Iceland is a cold and incredibly beautiful country in the North Atlantic Ocean. Its name is translated as "the land of ice”. People have lived on this harsh land for centuries. They have made it a true center of world tourism. Vacation in Iceland is atypical; it is not for everyone. But those who still dare to come here get into the northern fairy tale with a touch of fantasy. On the territory of this small country are thermal springs, unique natural sites, and conceptual architectural structures. Among the harsh natural conditions, they look especially breathtaking and majestic. The scenery here is so far from the usual that you can shoot a fantastic movie without any scenery. Tourists come to Iceland to climb the hill and be in silence, to immerse the tired body in the turquoise waters of Blue Lagoon and to catch the long-awaited relaxation, to taste the local herring and feel with your taste buds why they call it "the Icelandic gold", to push through the crowds near geyser Strokkur in the Valley of Geysers, to watch birds and symbols of Iceland's dead ends, including in the neighborhood of Bjargtangar lighthouse... There are many reasons to come here on the next flight and to explore the sights of Iceland.


Thingvellir is a valley located in the southwest of Iceland, and the park with the same name was inscribed in 2004 on the list of UNESCO World Heritage Sites. The assembly place of the parliament, the so-called Althingi, was founded in Thingvellir more than a thousand years ago, in 930, when the first settlers decided to start forming a new nation-the Icelanders. It is believed that after that, the Viking descendants who had feuded among themselves united into one nation. And in the year 1000, Thingvellir decided to accept Christianity.

From a geological point of view, Thingvellir is of great interest because the valley is located in the Mid-Atlantic Ridge fault zone, where the plates of the two continents, Eurasian and North American, diverge in opposite directions. The main attraction of the national park is the rift valley, where the fault of the two plates passes. The surface of the earth in this area is covered with lava, cracks, and canyons. The valley expands about 7 mm per year, and in the national park, you can see the edges of the tectonic plates and even cross from one continent to another. There are hiking trails in the park for tourists. The park is home to about 150 plant species and about 50 animal species. There are many hills covered with snow-capped peaks. The entire park is crossed by the Yoksara River, which ends with the Oxararfoss waterfall.

Lake Thingvallavatn

The lake, Tingvallavatn, is located to the south of the reef near Iceland, covering 84 square kilometers. Thingvallavatn is over 12 thousand years old, and its deepest mark of 114 m is 13 m below sea level. The lake has 3 islands, and among the animals, it has coho salmon, a few species of char, large specimens, which reach more than 20 kg, stickleback, and lake trout, which attract fans of fishing. The lake is considered popular with diving enthusiasts — of particular interest is the lava gorge of Silfra, filled with water, the temperature of which is maintained year-round at a temperature of 1-3 degrees. There are underwater caves and tunnels in the gorge. From the lake flows the Song River, the largest river in Iceland, on which there are three hydroelectric power plants.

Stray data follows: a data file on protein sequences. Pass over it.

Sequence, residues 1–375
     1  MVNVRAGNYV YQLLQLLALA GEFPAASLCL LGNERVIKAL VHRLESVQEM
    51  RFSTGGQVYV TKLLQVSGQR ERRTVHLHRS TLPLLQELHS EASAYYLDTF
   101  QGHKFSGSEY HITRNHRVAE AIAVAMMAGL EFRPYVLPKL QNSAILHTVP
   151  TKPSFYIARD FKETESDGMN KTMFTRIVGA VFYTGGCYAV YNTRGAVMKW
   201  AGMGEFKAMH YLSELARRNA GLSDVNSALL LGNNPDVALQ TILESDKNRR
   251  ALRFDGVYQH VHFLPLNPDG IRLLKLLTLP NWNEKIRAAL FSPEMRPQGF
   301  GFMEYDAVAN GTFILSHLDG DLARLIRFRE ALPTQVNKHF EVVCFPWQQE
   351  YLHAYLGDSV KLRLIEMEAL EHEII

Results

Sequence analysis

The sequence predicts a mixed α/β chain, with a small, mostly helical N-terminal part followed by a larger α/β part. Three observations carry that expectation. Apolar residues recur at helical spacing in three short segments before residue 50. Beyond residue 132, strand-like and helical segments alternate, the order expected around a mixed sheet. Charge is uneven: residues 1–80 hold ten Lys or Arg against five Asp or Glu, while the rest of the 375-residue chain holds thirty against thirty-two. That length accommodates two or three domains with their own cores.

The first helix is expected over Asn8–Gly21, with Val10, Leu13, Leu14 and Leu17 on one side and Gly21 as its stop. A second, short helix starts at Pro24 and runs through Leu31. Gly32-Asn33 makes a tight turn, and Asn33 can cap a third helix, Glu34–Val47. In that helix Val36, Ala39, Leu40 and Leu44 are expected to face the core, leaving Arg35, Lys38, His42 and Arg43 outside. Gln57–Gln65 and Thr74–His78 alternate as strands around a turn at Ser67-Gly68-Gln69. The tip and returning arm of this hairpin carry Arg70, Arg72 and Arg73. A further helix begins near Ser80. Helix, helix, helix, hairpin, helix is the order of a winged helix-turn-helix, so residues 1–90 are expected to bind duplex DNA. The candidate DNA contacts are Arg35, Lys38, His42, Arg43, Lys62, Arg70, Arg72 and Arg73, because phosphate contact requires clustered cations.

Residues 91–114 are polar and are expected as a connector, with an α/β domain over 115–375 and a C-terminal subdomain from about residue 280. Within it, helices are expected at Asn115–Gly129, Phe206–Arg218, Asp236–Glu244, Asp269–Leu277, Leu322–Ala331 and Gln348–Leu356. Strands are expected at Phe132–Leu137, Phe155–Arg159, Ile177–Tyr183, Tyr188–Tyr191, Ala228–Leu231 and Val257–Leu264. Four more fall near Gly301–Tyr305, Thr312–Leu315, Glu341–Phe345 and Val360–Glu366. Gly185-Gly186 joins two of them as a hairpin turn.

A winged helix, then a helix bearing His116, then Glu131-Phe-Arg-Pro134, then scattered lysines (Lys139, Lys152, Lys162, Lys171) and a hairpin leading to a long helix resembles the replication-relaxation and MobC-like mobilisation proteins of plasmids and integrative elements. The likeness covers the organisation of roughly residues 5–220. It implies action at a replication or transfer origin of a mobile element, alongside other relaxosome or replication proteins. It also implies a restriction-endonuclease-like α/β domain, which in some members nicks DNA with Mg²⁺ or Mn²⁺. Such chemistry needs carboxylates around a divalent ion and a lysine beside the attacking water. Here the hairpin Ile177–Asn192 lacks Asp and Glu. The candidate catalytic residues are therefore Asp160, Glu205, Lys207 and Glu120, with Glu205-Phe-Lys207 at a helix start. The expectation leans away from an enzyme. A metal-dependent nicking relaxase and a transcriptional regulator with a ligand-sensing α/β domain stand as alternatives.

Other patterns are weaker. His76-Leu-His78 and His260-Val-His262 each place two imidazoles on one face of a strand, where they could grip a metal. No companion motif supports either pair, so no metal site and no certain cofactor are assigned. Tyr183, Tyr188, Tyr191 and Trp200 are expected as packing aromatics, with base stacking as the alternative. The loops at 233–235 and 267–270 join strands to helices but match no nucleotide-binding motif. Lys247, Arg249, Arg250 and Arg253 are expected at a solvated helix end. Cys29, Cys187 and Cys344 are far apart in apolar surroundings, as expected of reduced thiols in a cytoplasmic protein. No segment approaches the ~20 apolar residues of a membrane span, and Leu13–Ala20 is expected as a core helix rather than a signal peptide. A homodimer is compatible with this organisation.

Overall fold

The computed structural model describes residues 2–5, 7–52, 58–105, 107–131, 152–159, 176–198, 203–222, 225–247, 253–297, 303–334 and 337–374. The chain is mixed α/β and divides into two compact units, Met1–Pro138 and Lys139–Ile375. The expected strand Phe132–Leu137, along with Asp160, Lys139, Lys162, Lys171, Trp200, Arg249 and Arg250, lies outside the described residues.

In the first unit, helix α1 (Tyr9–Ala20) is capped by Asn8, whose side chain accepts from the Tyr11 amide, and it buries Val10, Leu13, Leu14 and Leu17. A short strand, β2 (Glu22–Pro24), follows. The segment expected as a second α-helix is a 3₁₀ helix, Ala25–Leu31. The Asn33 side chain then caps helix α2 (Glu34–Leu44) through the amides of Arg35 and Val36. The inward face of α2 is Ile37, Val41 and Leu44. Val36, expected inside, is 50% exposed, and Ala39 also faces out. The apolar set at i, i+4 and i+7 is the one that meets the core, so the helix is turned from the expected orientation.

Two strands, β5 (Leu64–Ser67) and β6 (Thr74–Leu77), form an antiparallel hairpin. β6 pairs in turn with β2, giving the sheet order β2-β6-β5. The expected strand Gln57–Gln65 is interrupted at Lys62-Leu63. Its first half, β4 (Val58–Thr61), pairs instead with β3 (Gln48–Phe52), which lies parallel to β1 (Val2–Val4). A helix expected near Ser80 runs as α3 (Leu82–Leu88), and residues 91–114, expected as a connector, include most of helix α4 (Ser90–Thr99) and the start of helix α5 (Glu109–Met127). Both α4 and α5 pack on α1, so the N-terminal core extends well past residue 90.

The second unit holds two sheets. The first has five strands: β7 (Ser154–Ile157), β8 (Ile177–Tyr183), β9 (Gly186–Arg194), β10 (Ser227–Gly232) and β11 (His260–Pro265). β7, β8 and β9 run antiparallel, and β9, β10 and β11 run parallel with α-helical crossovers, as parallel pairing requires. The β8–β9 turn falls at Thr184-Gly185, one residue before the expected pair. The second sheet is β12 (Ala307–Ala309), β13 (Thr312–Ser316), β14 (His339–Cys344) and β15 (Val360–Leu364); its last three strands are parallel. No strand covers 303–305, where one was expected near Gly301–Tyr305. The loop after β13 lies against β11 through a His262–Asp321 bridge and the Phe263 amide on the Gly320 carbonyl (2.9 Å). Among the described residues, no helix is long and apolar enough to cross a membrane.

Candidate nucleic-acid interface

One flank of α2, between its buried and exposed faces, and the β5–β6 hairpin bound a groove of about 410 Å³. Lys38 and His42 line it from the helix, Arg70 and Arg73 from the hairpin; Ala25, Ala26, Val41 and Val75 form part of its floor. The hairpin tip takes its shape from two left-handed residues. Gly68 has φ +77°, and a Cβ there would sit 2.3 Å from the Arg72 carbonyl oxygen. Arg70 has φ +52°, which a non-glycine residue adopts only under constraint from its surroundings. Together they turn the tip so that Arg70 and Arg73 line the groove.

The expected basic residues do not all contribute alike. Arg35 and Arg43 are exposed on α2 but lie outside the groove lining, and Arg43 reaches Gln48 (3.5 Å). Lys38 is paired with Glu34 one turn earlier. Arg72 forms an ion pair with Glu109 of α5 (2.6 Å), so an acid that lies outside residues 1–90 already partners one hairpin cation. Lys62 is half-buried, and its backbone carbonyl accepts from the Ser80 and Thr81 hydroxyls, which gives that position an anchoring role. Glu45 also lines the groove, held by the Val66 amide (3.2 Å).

The Canyon of Peningaghja

Whichever route you choose, it will certainly lead to Peningagia Canyon (Peningagia, translated from Icelandic, means "money cleft"). There are two pools in the canyon, one of which, Drekkingarhylur (Icelandic for "drowning pond"), according to legend, was used to throw women accused of witchcraft. There now hangs a plaque with their names in memory of those who were drowned.


Southwest of Lake Tingwadlawatn is Hengidl, a volcanic system consisting of two volcanoes, Hengidl proper and Chromandutindur. Hengidl's height of over 800 meters is considered one of the highest mountains in Iceland. In the area of the volcano, there are power plants that supply power to the whole of southern Iceland, and nearby is the town of Hveragerdi, known for its hot springs.

Blue Lagoon

The Blue Lagoon is a geothermal pool in Iceland known worldwide. Moreover, it is unique! The lagoon is the true symbol of Iceland and one of the most popular Scandinavian resorts. The waters of the famous lagoon do have a blue hue, which almost merges with the beautiful skies of Iceland. This wonderful creation of nature is located on a peninsula called Reykjanes in the southwest. The average temperature of the water in the lagoon, regardless of the season, is about +37 - +40. This figure may slightly decrease with windy weather, rain, and snow, but the changes will be insignificant. Since the water in the basin is predominantly marine, it is saturated with sufficient salt. On average, the salt content is 2.5% and the hydrogen index is 7.5. The average depth of the lagoon is 1.5–2 m, which means the water perfectly maintains its temperature. It is 200 m wide and more than 2 km long.

Thanks to the unique composition of the water, bacteria simply do not survive in it. Mineral salts contribute to the recovery of the whole body. The water of the lagoon is also saturated with quartz, silica, and green and blue seaweed. It is due to the reflection of light by the silicon particles that the water acquires a bluish hue. Although the answer to the question about the color is not so unambiguous, many people claim that a closer look reveals that the water is rather white. It is a true pearl of Iceland. The therapeutic muds help deep cleanse and revitalize the skin, and the seaweed has a soothing and nourishing effect. The bottom of the lagoon is perfectly smooth and consists of white clay, which has unique therapeutic properties. Today, a modern spa complex, numerous cafes, restaurants, and recreation areas are built on the site of the natural pool. The resort is very popular in Iceland. Each year, the lagoon is visited by more than 300,000 tourists from around the world. There are numerous bridges to make moving around the complex easy and convenient. Waterfalls make this place even more picturesque.